Sao Paulo transit strike snarls traffic just days before the World Cup
Sao Paulo is set to head into a third day of a subway strike that has brought massive traffic jams to the Brazilian metropolis. The latest strike to hit Brazil has raised fears of disorder during the soccer World Cup.
Police used tear gas and wielded batons to disperse striking transit workers as commuters tried to enter one of the main subway stations in Brazil’s largest city on Friday.
The scuffle came on the second day of a work stoppage aimed at winning higher wages. Late on Friday, officials from both management and the union said they had still not reached an agreement to end the strike, meaning the work stoppage would continue for a third day on Saturday – with no indication that it would end anytime soon.
The latest strike to hit Brazil in the run-up to the World Cup caused havoc for soccer fans trying to travel to and from Sao Paulo’s Morumbi Stadium, for the national team’s 1-0 win in a friendly against Serbia on Friday night. With many of the subway system’s users turning to their cars as an alternative, bumper-to-bumper traffic snarled many of the city’s main thoroughfares.
The transit strike in Sao Paulo is just the latest work stoppage to hit Brazil in the months leading up to the World Cup. Bus drivers, teachers and police have all staged walkouts of their own to demand higher wages. In some cases the tactic has worked, with federal police and garbage collectors in Rio de Janeiro winning pay rises.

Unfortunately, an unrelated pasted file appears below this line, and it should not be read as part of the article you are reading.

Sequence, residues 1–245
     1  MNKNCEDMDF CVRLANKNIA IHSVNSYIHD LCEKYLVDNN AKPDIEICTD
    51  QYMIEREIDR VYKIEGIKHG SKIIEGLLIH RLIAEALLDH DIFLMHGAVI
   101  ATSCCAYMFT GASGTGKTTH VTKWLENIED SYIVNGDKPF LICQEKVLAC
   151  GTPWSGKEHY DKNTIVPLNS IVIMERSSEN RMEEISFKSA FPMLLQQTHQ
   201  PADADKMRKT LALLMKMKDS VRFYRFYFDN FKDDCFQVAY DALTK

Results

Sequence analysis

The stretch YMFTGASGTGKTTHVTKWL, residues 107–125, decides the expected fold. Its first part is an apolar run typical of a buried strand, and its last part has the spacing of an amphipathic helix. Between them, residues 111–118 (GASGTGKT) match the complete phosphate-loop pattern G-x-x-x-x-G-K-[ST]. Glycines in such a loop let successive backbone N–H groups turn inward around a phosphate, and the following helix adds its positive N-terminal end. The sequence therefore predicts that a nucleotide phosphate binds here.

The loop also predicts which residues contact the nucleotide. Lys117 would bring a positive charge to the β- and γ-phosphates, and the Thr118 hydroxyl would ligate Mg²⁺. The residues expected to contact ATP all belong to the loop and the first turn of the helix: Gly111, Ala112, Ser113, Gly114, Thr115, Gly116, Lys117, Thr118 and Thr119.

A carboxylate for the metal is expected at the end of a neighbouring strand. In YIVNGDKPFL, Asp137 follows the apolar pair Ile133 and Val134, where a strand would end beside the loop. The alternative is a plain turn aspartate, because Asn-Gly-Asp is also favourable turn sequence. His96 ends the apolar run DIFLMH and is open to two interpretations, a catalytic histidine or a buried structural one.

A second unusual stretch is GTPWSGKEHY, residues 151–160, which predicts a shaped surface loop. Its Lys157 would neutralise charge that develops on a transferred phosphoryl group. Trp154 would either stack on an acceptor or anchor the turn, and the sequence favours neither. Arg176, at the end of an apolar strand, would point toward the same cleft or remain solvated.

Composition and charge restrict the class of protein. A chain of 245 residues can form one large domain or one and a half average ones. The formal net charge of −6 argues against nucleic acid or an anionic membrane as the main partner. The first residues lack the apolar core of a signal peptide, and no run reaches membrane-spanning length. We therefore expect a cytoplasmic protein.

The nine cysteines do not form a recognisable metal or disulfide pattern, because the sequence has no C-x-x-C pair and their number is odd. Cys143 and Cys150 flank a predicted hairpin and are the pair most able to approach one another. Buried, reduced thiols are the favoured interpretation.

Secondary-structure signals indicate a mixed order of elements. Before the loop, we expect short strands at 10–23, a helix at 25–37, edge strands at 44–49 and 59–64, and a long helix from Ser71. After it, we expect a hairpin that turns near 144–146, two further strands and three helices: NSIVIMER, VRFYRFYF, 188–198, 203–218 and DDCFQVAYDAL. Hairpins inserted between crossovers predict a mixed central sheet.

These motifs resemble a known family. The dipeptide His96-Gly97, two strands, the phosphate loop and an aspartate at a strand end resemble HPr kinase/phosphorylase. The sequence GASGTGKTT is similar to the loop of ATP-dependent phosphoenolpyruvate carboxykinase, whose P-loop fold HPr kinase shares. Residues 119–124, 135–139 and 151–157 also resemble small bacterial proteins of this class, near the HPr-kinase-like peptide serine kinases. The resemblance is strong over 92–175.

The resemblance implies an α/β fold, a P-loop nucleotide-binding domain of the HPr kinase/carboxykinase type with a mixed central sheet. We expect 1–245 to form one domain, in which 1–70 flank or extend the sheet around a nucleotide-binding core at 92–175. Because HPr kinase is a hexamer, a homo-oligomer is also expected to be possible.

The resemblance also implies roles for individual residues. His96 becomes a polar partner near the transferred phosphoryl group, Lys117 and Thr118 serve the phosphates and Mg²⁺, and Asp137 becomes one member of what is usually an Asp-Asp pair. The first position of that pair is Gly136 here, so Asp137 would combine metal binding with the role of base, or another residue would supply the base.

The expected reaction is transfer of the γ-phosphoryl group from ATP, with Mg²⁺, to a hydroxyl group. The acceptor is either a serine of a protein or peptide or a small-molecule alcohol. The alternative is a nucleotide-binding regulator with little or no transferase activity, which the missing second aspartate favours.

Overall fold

The chaos that gripped Sao Paulo is precisely what organizers are keen to avoid during the World Cup, which kicks off with Brazil hosting Croatia on Thursday. A protest against rising public transit fares in Sao Paulo during last year’s Confederations Cup, a dress rehearsal for the World Cup, grew into nationwide demonstrations against the reported $11-billion (8 billion euros) that the Brazilian government is spending to host the tournament. On one night alone last year, an estimated one million Brazilians took to the streets to protest, with many demanding that the government put more money into social services, such as hospitals and schools.